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When we first got to Kaua’i I didn’t think we would spend a large part of our days out surfing, but the waves were rotating from North to South and the island was getting some pretty good swell, so we decided to give it a go.

My conservative, PA born Lancaster farm boy husband instantly turned into a gopro laden, tan surfer boy. I can’t say I was complaining. He was a hottie.

Surf shops abound around the island. Often ones that claim they are surf shops are really just $120 surf bikini tourist traps, but the North Shore has some really awesome spots and joints that the locals frequent.


Kalapaki Beach – We surfed here A TON. I loved this spot, although towards the end of the day it gets pretty packed with locals trying to catch some waves. There is a reef most of the way to the shore so watch the tides and make sure you’re not surfing close to shore as the tide is going out because you will get smashed against the reef. The waves can be strong. I got rocked and churned into the reef below and it cut up my foot pretty badly. Regardless, this was definitely our favorite place to surf. Pro tip: Do not paddle out from the shore.

Paddle out by jumping over the sea-wall near the parking area and climbing down the rocks to the water.

Kiahuna Beach – This beach has some really great surf, but you have to paddle out pretty far to take advantage of the good waves. I would surf here if you are a confident swimmer. I am. I was . D1 swimmer in college, but I still felt a little weird being so far out trying to catch the waves. There is a surf school at this beach and they tend to claim the right side of the beach where the waves are chill. The left side is where you will find the good surf.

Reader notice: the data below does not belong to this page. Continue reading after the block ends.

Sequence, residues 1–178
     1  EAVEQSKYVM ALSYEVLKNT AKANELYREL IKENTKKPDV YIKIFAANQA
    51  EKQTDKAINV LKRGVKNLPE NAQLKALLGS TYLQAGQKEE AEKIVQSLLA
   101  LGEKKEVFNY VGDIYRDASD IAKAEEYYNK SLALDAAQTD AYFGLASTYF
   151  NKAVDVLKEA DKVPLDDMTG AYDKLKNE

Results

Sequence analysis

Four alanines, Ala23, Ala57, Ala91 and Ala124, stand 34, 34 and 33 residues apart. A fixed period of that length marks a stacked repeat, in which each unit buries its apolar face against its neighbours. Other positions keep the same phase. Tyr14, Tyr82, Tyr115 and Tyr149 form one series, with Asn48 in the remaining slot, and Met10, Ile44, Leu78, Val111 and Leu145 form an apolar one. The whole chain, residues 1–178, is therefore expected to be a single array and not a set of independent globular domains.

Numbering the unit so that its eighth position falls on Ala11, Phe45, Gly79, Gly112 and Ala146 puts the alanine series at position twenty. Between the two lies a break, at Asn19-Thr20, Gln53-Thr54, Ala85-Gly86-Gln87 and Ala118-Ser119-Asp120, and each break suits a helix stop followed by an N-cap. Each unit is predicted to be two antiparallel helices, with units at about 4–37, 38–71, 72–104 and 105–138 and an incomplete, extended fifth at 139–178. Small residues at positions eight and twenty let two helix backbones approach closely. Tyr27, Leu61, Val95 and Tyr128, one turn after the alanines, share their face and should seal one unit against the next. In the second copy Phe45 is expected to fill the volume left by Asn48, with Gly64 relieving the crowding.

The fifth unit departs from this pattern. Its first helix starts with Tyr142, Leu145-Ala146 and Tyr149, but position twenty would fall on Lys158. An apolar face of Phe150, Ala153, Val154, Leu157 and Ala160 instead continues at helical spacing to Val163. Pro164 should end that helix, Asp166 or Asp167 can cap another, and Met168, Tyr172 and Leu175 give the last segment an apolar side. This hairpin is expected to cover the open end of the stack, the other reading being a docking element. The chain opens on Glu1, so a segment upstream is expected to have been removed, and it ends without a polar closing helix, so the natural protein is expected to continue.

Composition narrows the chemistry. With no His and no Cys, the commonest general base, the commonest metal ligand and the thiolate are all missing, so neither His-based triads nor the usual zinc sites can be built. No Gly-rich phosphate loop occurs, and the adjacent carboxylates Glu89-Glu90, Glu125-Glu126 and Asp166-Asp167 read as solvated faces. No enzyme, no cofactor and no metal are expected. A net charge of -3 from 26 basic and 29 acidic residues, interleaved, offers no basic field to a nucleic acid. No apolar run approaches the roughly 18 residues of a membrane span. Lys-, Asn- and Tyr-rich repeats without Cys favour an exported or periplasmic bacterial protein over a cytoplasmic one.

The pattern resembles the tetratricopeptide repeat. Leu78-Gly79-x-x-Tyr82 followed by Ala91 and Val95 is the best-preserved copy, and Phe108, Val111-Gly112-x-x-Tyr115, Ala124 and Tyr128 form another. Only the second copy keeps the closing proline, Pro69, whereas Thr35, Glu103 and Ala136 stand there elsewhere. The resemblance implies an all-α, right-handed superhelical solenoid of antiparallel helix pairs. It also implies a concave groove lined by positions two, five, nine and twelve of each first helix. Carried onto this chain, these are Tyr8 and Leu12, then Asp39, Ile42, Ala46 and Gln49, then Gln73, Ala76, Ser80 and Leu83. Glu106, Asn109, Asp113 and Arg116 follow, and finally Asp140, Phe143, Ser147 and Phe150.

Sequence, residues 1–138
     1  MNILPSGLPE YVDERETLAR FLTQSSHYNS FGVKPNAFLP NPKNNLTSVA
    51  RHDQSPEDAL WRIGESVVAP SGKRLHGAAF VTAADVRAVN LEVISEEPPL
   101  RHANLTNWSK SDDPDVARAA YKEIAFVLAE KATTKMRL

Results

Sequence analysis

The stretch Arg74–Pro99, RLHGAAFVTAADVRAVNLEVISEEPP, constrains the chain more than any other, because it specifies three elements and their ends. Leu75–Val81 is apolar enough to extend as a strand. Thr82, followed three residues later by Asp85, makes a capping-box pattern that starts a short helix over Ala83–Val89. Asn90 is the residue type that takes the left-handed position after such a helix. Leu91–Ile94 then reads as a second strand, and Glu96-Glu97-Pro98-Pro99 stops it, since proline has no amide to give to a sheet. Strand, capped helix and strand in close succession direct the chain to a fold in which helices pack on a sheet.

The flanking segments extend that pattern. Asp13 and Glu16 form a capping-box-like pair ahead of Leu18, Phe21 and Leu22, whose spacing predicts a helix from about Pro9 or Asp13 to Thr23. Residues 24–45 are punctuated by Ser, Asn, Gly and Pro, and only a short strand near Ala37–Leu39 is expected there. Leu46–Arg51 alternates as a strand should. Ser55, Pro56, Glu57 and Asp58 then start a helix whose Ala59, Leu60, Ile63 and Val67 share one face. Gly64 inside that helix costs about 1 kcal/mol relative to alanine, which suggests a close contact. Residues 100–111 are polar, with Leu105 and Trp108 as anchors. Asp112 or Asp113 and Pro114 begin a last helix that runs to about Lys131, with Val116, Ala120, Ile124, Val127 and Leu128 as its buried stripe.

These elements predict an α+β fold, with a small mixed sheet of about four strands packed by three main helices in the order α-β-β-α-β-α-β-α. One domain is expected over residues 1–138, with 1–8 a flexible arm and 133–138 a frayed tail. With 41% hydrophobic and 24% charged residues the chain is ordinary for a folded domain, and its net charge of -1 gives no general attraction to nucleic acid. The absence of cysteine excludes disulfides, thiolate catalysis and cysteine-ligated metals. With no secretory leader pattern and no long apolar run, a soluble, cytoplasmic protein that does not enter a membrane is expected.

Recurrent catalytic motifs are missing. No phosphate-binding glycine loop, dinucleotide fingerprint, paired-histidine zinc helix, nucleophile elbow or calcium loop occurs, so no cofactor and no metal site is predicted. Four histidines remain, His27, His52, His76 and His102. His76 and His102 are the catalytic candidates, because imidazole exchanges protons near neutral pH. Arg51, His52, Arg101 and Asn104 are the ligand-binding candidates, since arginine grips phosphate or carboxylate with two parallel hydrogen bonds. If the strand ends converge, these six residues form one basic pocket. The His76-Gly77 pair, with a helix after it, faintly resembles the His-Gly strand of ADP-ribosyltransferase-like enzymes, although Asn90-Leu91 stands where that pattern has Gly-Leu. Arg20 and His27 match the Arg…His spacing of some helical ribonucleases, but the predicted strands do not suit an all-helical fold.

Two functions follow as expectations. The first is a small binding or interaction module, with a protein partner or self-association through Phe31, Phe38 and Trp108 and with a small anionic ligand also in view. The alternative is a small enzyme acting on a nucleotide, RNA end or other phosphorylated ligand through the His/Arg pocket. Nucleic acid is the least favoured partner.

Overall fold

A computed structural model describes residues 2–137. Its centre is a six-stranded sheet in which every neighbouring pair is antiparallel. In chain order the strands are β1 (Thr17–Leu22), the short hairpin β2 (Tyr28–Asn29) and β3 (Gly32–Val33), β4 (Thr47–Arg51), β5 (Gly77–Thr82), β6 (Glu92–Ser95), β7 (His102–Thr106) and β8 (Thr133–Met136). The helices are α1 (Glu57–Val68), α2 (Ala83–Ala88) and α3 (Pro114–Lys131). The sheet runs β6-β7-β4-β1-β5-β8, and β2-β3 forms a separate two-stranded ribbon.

Rock Quarry Beach – This beach is known as Kahili Beach by the locals. This beach had some ok waves when we went. We knew that the surf was shifting when we went, but it gets a nice steady set. If you visit Hanalei and there are absolutely no waves, there should be some nice waves at Kahili. Kahili is also known to have some strong rip tides so be a strong swimmer and don’t go out alone.

Hanalei – this is such a great place to learn. When the wind was blowing from the North Hanalei abounds with beginning surfers. As the wind shifted to the south side of the island Hanalei became a bay of glass — literally looked like a lake — make sure you check the surf report or call one of the local shops before making the drive out.

You can rent boards in PoiPu and Hanalei really easily, like $25/24 hours. Make sure you ask for surf wax — they should give you some for free.

Also check out this helpful surf etiquette from if you’re not familiar with surfing but want to give it a try!

Observe Right of Way

Learn who has the right of way on the wave. This is a condensed version. Top to bottom priority:

  • Furthest out: the surfer that is furthest out or that has been waiting longest

  • Furthest inside: the closest surfer to the peak of the breaking wave

  • First to feet: the first to feet or first onto the wave

  • Communication: the call of “Left!” or “Right!” if the wave is dual-peaking

Don’t Drop In

Cutting in front of other surfers who are up and riding is a quick way of getting yourself in trouble with the locals. Observe the right of way and you should be fine.

Don’t Snake

Repeatedly paddling round someone to get into the inside position on a wave is a no-no. Where would we all be if everyone did this?

Don’t Hog the Waves

Share them around. Even if you can paddle furthest outside and catch the waves first every time you reach the lineup, don’t do it. People will quickly get annoyed at this sort of behavior and will simply start dropping in at every opportunity. Again, everything descends into chaos!

Do Apologize

If you drop in on someone, run over someone, or breach the etiquette and rules in any way, just apologise. It’s just plain good manners. We’ve all done things that we shouldn’t have when out surfing, saying sorry goes some way to smoothing things over. (Obviously snaking, dropping in, hogging the waves and running everyone over will probably end in a beating, no matter whether you say sorry each time or not.)

Respect the Locals

Keep in mind that the locals surf the spot every day. Give respect and behave while visiting a spot, keep things friendly, earn some respect yourself. Don’t mob surf spots in large numbers. Don’t rush straight outside, take your time.

Learn the Right Way to Paddling Out

This includes not throwing your board or paddling into the path of other surfers

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